Common Issues in Biblical Counseling, Part Five
For most of us, years seem to fly by. When the last child leaves home, it’s common for parents to meet reality with contradictory emotions. You might be asking yourself, How did we get here? This particular life transition comes with major change. It can be confusing to sort through feelings that are up one minute and down the next. The adjustment struggles are hard for some parents. You might even be asking, Why does God give to us and then take away what was given? Many individuals become anxious at even the thought of a future empty nest of the home. It’s not unusual to ask someone to walk alongside you in this adjustment, whether they be a friend, mentor, or counselor. God delights in the details of our lives. When the last fledgling flies, it’s crucial to think on things beyond the home nest.
do not be anxious about anything, but in everything by prayer and supplication with thanksgiving let your requests be made known to God. And the peace of God, which surpasses all understanding, will guard your hearts and your minds in Christ Jesus.
The Holy Bible: English Standard Version. (2016). (Php 4:6–7). Wheaton, IL: Crossway Bibles.
In the worst of cases, the transition can become Satan’s playground; parents dwell on disappointments, regrets, and shame. In severe cases, this time comes with loss of purpose or identity. In the best of cases, the parents are in tune with the voice of our Creator God. For these individuals, the transition becomes a time for learning wisdom, humility, and patience. With wise transition, some Christians see this change as an opportunity to serve church and community in a greater way because of their more flexible use of time. There is no doubt that this can be a joyous time when martial intimacy and life satisfaction peak, but empty nesters are a more vulnerable group than we tend to think. It’s not uncommon for parents to feel lonely and isolated at first. After so many years of fulfilling the roles of mom and dad, many couples are uncertain of how to relate to each other once the nest is empty. Although the kids have grown and flown, God still has a purpose for your marriage. It’s important to talk honestly about the challenges of this season.
Author and child-care expert Grace Ketterman says, “Releasing young people into today’s world is a panicky process. This process can be made more reassuring when parents remember that they are transferring them from the shelter of their parental wings to the perfect care of the heavenly Father” (emphasis mine).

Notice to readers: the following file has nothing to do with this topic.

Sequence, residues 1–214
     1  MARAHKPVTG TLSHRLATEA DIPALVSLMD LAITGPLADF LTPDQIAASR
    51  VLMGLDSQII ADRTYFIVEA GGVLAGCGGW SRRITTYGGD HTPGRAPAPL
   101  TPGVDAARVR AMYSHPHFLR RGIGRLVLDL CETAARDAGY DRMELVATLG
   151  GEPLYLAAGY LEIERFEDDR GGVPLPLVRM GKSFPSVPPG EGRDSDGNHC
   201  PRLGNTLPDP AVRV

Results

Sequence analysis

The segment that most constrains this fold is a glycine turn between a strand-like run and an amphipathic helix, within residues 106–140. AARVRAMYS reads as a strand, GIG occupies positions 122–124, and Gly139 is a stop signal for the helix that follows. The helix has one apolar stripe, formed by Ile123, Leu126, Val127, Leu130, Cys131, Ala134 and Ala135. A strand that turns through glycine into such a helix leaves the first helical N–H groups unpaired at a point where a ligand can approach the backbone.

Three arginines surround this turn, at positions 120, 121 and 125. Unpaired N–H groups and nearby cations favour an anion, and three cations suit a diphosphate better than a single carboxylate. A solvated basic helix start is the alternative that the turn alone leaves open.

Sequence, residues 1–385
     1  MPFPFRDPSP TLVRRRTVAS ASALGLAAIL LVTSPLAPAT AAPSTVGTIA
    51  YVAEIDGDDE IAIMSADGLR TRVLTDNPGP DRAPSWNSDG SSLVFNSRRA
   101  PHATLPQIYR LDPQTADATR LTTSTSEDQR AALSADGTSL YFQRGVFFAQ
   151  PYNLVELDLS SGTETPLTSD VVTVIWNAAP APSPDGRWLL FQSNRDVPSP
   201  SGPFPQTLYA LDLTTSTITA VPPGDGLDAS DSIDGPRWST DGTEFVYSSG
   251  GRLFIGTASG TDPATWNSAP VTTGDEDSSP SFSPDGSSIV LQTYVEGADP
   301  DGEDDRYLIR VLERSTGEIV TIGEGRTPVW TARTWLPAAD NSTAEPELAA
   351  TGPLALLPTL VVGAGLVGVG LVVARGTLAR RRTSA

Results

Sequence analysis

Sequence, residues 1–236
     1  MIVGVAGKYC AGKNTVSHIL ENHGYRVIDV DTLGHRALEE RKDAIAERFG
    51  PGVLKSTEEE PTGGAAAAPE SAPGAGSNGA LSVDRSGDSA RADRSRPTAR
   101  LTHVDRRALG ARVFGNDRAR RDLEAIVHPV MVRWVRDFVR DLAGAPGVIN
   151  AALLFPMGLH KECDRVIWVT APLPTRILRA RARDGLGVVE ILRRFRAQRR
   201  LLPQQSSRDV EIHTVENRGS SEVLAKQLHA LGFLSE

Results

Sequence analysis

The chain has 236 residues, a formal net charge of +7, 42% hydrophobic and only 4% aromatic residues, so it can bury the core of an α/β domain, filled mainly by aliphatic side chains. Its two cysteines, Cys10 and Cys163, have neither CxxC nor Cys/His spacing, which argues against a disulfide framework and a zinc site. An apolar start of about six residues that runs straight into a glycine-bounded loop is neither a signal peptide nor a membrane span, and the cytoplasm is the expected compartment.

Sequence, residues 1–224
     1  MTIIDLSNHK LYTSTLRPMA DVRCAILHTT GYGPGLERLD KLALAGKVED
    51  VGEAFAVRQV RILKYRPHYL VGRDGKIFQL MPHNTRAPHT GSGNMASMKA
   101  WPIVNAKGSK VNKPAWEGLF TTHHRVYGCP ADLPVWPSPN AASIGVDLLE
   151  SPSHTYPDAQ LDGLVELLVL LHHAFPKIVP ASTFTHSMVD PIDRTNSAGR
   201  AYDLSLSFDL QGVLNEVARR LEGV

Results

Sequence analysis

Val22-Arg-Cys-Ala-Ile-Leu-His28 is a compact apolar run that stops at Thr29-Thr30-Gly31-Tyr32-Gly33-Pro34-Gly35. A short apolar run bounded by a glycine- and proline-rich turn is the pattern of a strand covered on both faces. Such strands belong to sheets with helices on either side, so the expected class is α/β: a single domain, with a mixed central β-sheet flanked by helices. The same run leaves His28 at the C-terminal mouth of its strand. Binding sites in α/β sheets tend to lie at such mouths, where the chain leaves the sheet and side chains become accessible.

Finally, brothers, whatever is true, whatever is honorable, whatever is just, whatever is pure, whatever is lovely, whatever is commendable, if there is any excellence, if there is anything worthy of praise, think about these things.
The Holy Bible: English Standard Version. (2016). (Php 4:8). Wheaton, IL: Crossway Bibles.
When parents are first left to their own, they often reflect on what had become the norm for their home. They begin to miss the busyness of ball games and piano lessons. The silence of the home can be startling, the day’s laundry no longer fills the washer, the refrigerator is overrun with leftovers, and food in the cabinet expires. The empty nest might seem like a time of loss. In many ways, that could be true. It is normal to grieve when there are changes in meaningful relationships, but this time is meant to draw us nearer to the Lord. God truly understands.
For we do not have a high priest who is unable to sympathize with our weaknesses, but one who in every respect has been tempted as we are, yet without sin.
The Holy Bible: English Standard Version. (2016). (Heb 4:15). Wheaton, IL: Crossway Bibles.
Let’s look at portraits of a recently emptied nest:
• Veronica has been depressed ever since Jamie, her youngest child, married and moved away. She is a proud mom, no doubt about that, but now she feels like she has no purpose left in life.
• “The house seems very quiet,” Anthony said to his wife, “and very cold.” “I know what you mean,” she replied, “It’s just not the same without muddy sneakers by the door and the crazy music coming from Jake’s room.”
• Ralph and June just sat and stared at one another in the counselor’s office. Then June noted, haltingly, “It’s like we don’t know who each other is anymore … Worse yet, if we are completely honest, neither of us really likes who the other has become …”
Clinton, T., & Trent, J. (2009). The Quick-Reference Guide to Marriage & Family Counseling (p. 135). Grand Rapids, MI: Baker Books.